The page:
Marius Miknis, 22, from Lithuania, graduated with first-class Honours from the BSc (Hons) Computer Games Development degree in July 2012.
I always enjoyed playing computer games, even from a young age. During college, I began to think that I could do more than just play the games. I wanted to create them.
I chose the University because they offered a games development degree, rather than a games design degree, which was the more commonly offered. Furthermore, two of my lecturers at college had studied in at the University and spoke very highly of it.
The computer labs were very impressive with all the latest hardware. In fact, the main games development lab was probably too powerful for the tasks we were doing! The best thing about the facilities was that you could go into any computer lab and work, and that gave me a great flexibility over how and when to study.
The most memorable part of the course was the third year project. It was the hardest and the most challenging thing that I have done. Countless hours of work were put into it, doing research, planning and programming. As hard as it was it was, the end result was very rewarding – all that hard work paid off at the end!
The most surprising thing for me was how much I was able to learn. When I started the degree, I didn’t know any programming at all and now I can program for many devices in several different programming languages.
Inspiration and help came from more than just one person. Firstly, from the lecturers. I was amazed how much they knew and it encouraged me to learn more. Every time I needed help, the lecturers were always willing to help, even after teaching hours.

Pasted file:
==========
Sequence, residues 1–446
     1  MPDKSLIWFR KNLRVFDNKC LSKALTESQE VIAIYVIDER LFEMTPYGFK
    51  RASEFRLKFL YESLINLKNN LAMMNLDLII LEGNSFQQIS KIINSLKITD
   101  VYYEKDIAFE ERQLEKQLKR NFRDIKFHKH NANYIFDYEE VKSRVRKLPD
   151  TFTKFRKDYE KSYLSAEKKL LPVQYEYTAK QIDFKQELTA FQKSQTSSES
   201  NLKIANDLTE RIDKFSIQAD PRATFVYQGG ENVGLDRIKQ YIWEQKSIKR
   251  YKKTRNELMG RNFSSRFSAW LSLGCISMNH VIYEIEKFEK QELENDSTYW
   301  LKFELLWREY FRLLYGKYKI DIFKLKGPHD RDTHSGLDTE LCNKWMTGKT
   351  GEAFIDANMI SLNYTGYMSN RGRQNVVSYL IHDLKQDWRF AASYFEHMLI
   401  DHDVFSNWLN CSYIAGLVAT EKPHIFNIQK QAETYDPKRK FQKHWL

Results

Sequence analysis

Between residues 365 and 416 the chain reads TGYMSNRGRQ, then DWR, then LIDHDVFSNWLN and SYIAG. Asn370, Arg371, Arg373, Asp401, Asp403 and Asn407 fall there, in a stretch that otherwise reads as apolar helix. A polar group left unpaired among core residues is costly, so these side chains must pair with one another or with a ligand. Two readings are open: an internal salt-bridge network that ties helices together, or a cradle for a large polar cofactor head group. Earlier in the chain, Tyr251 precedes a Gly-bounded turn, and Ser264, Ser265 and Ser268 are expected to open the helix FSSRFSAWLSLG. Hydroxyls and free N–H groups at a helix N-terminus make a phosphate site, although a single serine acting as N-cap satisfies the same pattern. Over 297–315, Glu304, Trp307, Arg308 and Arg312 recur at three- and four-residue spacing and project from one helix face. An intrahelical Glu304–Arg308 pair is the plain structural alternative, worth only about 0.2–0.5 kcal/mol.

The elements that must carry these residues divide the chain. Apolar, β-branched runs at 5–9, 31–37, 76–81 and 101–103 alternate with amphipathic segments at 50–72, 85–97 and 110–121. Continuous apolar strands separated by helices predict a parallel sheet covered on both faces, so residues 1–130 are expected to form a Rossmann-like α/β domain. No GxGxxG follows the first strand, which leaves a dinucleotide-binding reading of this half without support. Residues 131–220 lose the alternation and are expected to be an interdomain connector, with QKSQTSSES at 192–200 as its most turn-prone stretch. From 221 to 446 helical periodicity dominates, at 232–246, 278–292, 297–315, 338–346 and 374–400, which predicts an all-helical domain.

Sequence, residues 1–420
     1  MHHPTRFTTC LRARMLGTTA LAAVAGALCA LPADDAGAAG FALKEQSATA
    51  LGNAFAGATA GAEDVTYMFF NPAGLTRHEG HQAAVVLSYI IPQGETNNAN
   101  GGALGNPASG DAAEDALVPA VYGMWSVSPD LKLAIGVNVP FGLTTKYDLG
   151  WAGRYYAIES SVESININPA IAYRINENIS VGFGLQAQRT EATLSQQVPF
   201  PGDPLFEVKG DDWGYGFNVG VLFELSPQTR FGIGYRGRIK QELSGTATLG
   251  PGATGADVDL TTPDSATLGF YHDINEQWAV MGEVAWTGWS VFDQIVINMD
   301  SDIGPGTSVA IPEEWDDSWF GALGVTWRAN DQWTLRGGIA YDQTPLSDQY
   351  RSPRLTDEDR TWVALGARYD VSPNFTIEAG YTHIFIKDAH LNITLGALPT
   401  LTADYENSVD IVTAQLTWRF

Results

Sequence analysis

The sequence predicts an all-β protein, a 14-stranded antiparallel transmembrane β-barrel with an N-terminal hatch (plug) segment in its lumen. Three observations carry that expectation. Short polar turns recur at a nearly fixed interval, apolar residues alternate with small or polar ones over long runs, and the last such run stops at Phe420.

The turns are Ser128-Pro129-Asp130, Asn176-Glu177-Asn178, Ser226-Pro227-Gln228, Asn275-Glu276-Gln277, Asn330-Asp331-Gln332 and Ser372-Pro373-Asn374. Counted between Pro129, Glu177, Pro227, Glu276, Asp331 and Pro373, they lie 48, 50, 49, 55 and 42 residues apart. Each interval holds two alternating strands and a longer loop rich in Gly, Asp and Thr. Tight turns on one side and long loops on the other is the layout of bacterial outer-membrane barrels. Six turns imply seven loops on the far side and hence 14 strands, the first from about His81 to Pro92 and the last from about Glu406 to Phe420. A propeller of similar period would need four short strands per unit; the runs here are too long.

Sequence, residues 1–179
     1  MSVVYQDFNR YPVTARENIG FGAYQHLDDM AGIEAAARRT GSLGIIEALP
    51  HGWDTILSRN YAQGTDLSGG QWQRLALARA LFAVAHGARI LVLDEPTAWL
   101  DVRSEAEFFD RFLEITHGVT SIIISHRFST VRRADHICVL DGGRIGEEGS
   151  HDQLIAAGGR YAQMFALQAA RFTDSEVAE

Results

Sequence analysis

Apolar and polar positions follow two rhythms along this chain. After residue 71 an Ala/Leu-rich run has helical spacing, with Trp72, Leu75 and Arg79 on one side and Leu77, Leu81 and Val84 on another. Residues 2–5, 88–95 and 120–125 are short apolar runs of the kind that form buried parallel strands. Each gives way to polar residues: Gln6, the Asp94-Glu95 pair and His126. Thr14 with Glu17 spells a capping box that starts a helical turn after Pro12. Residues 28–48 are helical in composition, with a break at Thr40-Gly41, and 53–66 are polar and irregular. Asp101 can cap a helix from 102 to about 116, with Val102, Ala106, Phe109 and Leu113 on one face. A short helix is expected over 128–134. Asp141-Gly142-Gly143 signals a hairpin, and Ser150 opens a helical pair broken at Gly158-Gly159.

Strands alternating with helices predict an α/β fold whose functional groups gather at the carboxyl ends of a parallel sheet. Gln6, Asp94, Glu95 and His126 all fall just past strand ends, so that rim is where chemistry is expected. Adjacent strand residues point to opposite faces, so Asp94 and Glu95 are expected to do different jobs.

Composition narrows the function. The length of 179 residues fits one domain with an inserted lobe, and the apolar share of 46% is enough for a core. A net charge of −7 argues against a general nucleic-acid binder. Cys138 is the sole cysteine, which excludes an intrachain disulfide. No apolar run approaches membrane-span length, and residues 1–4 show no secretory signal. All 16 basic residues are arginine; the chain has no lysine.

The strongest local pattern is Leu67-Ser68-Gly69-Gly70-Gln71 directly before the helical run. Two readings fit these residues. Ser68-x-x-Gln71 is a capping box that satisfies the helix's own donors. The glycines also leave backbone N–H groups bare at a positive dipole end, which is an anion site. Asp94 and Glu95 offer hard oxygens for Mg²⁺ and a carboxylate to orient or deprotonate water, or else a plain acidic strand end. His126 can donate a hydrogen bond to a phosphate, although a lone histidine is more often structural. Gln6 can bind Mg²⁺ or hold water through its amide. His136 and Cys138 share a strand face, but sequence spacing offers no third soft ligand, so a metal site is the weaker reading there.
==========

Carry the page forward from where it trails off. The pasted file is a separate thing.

I learnt a lot from my classmates too. Quite a few assignments were group based and they allowed me to see how productive people can be when they work together. Also, when someone is better at something than you, it makes you work harder. Everyone wants to be the best!
My biggest achievement was obtaining the degree after three years of hard work. But I also believe I have become a more independent thinker, and a better researcher and learner.
Graduation was the defining moment. It represented three years’ hard work, the ups and downs, enjoyment and frustration.
University has taught me that you can always go beyond the limits of what you thought possible. Just because you have done something, it doesn’t mean you have done it to the best of your ability. To succeed, you always have to work that bit harder.
Going to university has helped me to know myself a bit more. The main thing is that now I know what I want to do with my life.
Alongside my course, I worked as a Student Ambassador. I worked at events on campus, such as Open Days, and went into schools teaching kids computing and programming as part of the Technocamps project.
For the near future, I will be coming back to The University of South Wales do a PhD. After that, I would like to teach. Through my work on the Techno Camps project, I discovered a love of sharing knowledge with others and I think I would really enjoy teaching.